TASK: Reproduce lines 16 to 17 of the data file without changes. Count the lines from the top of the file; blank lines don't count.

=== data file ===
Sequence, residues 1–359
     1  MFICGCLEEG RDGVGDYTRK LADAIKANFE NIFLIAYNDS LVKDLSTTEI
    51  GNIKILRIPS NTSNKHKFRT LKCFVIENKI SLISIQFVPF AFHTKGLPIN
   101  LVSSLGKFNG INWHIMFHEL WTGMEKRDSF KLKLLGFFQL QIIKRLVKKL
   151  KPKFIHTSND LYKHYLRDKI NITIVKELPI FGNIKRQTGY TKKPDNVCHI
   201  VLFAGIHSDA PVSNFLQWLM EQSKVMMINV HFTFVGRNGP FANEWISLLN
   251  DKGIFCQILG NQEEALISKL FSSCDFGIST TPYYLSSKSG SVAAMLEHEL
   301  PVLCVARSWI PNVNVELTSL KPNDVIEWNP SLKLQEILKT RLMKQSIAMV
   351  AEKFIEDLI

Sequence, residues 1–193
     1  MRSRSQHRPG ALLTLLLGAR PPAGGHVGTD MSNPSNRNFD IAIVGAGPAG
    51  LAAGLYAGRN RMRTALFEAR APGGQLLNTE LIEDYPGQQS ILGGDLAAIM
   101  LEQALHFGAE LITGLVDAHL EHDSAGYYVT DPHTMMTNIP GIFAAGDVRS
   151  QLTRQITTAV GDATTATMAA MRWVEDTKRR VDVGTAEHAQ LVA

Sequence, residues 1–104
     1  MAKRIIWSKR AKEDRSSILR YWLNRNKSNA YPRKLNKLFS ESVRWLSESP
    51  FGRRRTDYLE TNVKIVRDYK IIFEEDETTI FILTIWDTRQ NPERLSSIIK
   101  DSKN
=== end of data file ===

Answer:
     1  MAKRIIWSKR AKEDRSSILR YWLNRNKSNA YPRKLNKLFS ESVRWLSESP
    51  FGRRRTDYLE TNVKIVRDYK IIFEEDETTI FILTIWDTRQ NPERLSSIIK